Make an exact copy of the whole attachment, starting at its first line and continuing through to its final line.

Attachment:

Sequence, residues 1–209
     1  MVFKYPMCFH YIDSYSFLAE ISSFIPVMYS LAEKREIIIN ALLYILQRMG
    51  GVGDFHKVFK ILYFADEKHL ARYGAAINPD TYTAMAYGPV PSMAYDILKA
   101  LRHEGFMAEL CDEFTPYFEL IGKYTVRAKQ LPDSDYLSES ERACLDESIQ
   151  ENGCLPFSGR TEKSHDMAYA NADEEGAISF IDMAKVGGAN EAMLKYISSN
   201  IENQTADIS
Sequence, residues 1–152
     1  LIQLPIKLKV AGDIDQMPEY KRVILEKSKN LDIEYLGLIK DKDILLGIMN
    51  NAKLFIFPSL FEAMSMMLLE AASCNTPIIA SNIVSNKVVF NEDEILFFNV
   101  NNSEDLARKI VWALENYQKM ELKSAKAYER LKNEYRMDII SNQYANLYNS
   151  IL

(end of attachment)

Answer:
Sequence, residues 1–209
     1  MVFKYPMCFH YIDSYSFLAE ISSFIPVMYS LAEKREIIIN ALLYILQRMG
    51  GVGDFHKVFK ILYFADEKHL ARYGAAINPD TYTAMAYGPV PSMAYDILKA
   101  LRHEGFMAEL CDEFTPYFEL IGKYTVRAKQ LPDSDYLSES ERACLDESIQ
   151  ENGCLPFSGR TEKSHDMAYA NADEEGAISF IDMAKVGGAN EAMLKYISSN
   201  IENQTADIS
Sequence, residues 1–152
     1  LIQLPIKLKV AGDIDQMPEY KRVILEKSKN LDIEYLGLIK DKDILLGIMN
    51  NAKLFIFPSL FEAMSMMLLE AASCNTPIIA SNIVSNKVVF NEDEILFFNV
   101  NNSEDLARKI VWALENYQKM ELKSAKAYER LKNEYRMDII SNQYANLYNS
   151  IL